Quimbee logo
DMCA.com Protection Status

Albertson's, Inc. v. Kirkingburg

527 U.S. 555 (1999)

Case BriefRelatedOptions
From our private database of 33,800+ case briefs...

Albertson’s, Inc. v. Kirkingburg

United States Supreme Court

527 U.S. 555 (1999)


In August 1990, interstate grocery-store chain Albertson’s, Inc. (Albertson’s) (defendant) hired Hallie Kirkingburg (plaintiff) to work as a commercial truck driver. Kirkingburg had 10 years of relevant experience and successfully completed a road test for one of Albertson’s transportation supervisors. Albertson’s required its drivers to meet basic vision standards set and mandated by the United States Department of Transportation (DoT) for interstate commercial truck drivers. Kirkingburg suffered from an uncorrectable vision condition in one eye. Nonetheless, a doctor erroneously concluded that Kirkingburg met the DoT’s basic standard, and Kirkingburg began working for Albertson’s. The following year, Kirkingburg sustained an injury and took a leave of absence. In December 1992, before Kirkingburg returned to work, Albertson’s again required that he undergo a physical examination to ensure he met the basic DoT vision standards. This time, a doctor correctly found that he did not. In July 1992, the DoT had begun an experimental waiver scheme for which commercial truck drivers who otherwise failed the agency’s vision standards could apply if they satisfied certain criteria, such as clean driving records for a specified period of time. Kirkingburg applied for the waiver, but Albertson’s fired him, because he didn’t meet the DoT’s basic vision standard. After Kirkingburg left, he was granted a DoT waiver, but Albertson’s declined to rehire him. Kirkingburg sued Albertson’s under the Americans with Disabilities Act (ADA), 42 U.S.C. § 12101 et seq., alleging unlawful disability discrimination. The court of appeals held that because the DoT had begun granting waivers to its basic visual acuity standard, Albertson’s had to do more than just rely on the objective standard itself in making employment decisions; it had to engage in a more searching inquiry about the availability of a reasonable accommodation to justify a refusal to hire or rehire a particular employee. Albertson’s sought review by the United States Supreme Court, which was granted.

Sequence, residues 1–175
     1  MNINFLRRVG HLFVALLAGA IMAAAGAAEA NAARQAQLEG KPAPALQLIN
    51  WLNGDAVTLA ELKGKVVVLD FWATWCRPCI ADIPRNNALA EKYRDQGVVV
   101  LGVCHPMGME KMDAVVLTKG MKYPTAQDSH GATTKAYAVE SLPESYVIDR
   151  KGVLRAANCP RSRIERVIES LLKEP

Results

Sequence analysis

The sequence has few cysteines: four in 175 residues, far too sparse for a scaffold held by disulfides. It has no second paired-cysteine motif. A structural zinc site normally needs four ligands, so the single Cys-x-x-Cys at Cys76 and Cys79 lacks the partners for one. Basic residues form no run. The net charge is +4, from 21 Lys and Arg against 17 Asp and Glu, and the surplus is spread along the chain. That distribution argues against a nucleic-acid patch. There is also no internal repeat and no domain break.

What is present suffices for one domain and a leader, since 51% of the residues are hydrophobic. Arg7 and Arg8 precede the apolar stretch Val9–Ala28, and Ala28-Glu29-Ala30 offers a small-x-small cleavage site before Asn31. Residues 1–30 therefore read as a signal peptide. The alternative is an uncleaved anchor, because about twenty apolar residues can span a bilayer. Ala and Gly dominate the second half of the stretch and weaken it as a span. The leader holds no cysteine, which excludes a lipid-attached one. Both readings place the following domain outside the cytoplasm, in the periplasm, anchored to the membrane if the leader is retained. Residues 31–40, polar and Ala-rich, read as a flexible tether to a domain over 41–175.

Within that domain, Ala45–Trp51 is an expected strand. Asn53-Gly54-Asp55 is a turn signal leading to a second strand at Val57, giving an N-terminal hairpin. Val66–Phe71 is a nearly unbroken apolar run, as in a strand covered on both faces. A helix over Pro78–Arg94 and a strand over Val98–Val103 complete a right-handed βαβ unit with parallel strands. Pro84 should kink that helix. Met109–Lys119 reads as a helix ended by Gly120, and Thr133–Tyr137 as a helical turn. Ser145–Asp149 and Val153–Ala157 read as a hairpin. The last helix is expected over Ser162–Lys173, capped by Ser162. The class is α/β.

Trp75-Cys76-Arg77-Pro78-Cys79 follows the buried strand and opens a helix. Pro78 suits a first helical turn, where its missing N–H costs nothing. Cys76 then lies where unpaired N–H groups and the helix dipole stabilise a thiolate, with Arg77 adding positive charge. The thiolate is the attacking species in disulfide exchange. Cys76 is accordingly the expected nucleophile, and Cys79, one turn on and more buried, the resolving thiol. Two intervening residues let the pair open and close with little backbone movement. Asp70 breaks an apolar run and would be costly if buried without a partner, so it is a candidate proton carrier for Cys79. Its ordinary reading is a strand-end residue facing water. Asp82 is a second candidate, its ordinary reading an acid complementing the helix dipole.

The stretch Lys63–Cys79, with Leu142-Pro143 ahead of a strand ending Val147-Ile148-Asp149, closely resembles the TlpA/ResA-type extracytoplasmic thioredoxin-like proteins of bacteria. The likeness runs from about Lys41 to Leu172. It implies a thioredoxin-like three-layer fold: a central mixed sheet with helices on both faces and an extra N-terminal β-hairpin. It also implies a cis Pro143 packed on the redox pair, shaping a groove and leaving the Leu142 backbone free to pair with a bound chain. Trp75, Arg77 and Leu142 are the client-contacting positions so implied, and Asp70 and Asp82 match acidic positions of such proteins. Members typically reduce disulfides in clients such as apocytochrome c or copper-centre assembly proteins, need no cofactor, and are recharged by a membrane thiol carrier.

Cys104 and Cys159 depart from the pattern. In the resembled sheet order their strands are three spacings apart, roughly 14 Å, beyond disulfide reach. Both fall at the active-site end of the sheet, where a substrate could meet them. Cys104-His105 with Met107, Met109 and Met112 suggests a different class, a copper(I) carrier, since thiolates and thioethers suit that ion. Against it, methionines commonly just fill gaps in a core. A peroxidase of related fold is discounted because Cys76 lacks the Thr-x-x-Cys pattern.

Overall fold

Rule of Law


Holding and Reasoning (Souter, J.)

Concurrence (Thomas, J.)

What to do next…

  1. Unlock this case brief with a free (no-commitment) trial membership of Quimbee.

    You’ll be in good company: Quimbee is one of the most widely used and trusted sites for law students, serving more than 604,000 law students since 2011. Some law schools—such as Yale, Berkeley, and Northwestern—even subscribe directly to Quimbee for all their law students.

    Unlock this case briefRead our student testimonials
  2. Learn more about Quimbee’s unique (and proven) approach to achieving great grades at law school.

    Quimbee is a company hell-bent on one thing: helping you get an “A” in every course you take in law school, so you can graduate at the top of your class and get a high-paying law job. We’re not just a study aid for law students; we’re the study aid for law students.

    Learn about our approachRead more about Quimbee

Here's why 604,000 law students have relied on our case briefs:

  • Written by law professors and practitioners, not other law students. 33,800 briefs, keyed to 984 casebooks. Top-notch customer support.
  • The right amount of information, includes the facts, issues, rule of law, holding and reasoning, and any concurrences and dissents.
  • Access in your classes, works on your mobile and tablet. Massive library of related video lessons and high quality multiple-choice questions.
  • Easy to use, uniform format for every case brief. Written in plain English, not in legalese. Our briefs summarize and simplify; they don’t just repeat the court’s language.

Access this case brief for FREE

With a 7-day free trial membership
Here's why 604,000 law students have relied on our case briefs:
  • Reliable - written by law professors and practitioners, not other law students
  • The right length and amount of information - includes the facts, issue, rule of law, holding and reasoning, and any concurrences and dissents
  • Access in your class - works on your mobile and tablet
  • 33,800 briefs - keyed to 984 casebooks
  • Uniform format for every case brief
  • Written in plain English - not in legalese and not just repeating the court's language
  • Massive library of related video lessons - and practice questions
  • Top-notch customer support

Access this case brief for FREE

With a 7-day free trial membership